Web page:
"After a rare speech at the National Center for Atmospheric Research in Boulder, Colorado, in 1976, programmers in the audience had suddenly fallen silent when Cray offered to answer questions. He stood there for several minutes, waiting for their queries, but none came. When he left, the head of NCARs computing division chided the programmers. Why didn't someone raise a hand? After a tense moment, one programmer replied, How do you talk to God?" taken from The SUPERMEN The Story of Seymour Cray and the Technical Wizards behind the Supercomputer.
"They were building revolutionary, not evolutionary, machines. . . . They were blazing a trail-moulding science into a product. . . . The freedom to create was extraordinary." - from The Supermen.
In 1951, a soft-spoken, skinny young man fresh from the University of Minnesota took a job in an old glider factory in St. Paul. Computer technology would never be the same, for the glider factory was the home of Engineering Research Associates and the recent college grad was Seymour R. Cray. During his extraordinary career, Cray would be alternately hailed as "the Albert Einstein," "the Thomas Edison," and "the Evel Knievel" of super-computing. At various times, he was all three - a master craftsman, inventor, and visionary whose disdain for the rigours of corporate life became legendary, and whose achievements remain unsurpassed.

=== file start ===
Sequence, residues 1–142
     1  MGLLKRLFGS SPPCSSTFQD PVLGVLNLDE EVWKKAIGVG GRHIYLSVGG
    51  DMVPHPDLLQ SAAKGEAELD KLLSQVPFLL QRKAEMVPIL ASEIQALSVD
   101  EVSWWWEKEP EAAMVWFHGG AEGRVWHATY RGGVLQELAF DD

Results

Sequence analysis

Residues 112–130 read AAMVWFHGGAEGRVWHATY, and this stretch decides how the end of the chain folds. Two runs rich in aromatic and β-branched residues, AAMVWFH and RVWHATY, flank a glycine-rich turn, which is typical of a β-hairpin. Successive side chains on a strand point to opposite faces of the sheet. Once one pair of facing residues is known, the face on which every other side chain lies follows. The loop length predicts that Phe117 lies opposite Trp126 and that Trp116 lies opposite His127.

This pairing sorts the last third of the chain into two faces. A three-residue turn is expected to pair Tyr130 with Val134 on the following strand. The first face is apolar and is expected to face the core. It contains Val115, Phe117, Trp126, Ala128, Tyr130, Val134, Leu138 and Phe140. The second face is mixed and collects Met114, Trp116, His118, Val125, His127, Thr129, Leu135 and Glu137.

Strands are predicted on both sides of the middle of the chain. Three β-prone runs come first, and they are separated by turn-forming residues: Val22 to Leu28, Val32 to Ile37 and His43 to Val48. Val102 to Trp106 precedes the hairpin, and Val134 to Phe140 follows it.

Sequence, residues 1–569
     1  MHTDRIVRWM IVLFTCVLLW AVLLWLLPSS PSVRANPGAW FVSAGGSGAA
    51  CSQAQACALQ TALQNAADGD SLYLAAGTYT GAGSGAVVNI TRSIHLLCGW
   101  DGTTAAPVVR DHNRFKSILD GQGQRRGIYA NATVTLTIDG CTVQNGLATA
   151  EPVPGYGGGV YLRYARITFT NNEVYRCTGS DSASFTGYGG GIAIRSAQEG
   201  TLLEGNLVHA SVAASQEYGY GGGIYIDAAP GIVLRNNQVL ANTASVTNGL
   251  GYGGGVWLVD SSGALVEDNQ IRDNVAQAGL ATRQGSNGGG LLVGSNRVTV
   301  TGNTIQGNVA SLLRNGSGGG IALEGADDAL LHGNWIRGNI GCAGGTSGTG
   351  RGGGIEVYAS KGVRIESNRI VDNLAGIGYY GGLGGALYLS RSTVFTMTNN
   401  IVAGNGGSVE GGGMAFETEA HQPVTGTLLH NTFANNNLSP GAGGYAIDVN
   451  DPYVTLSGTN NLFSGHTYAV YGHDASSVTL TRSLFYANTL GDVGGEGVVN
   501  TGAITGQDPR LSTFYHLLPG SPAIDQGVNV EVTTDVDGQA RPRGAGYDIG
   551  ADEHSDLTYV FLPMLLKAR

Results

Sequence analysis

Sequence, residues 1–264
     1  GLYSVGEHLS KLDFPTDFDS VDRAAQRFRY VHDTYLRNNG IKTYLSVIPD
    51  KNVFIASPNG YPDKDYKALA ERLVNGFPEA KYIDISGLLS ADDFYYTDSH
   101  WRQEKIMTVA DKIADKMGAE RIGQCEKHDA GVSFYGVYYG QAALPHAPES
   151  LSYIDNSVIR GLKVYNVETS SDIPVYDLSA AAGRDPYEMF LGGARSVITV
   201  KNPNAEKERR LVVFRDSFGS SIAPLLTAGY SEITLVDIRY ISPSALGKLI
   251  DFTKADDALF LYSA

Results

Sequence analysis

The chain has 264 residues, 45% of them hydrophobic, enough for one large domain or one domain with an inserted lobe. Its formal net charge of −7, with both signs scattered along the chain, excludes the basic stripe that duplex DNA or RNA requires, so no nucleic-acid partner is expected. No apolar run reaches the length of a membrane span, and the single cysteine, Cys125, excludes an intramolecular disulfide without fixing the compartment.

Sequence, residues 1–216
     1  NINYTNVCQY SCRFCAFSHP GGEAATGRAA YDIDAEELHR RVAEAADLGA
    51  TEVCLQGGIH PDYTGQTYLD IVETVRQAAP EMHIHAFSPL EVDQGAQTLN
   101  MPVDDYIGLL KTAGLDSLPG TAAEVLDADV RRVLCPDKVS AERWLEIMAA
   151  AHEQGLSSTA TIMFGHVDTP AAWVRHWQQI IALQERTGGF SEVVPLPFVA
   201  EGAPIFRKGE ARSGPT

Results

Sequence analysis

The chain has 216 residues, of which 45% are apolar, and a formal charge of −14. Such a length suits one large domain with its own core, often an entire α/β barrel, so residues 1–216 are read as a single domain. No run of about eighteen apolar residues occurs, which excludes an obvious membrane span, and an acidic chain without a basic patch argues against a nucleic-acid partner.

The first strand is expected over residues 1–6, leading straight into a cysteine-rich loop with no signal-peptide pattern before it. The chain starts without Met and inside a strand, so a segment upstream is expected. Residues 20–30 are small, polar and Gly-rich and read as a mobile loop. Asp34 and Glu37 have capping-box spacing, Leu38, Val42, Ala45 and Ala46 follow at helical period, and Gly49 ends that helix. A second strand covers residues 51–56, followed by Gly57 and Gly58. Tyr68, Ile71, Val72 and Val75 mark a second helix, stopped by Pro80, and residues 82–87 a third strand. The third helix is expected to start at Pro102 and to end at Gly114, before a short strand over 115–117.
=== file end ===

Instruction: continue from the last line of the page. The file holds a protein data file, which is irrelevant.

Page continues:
The Supermen is award-winning writer Charles J. Murray's exhilarating account of how the brilliant - some would say eccentric - Cray and his gifted colleagues blazed the trail that led to the Information Age.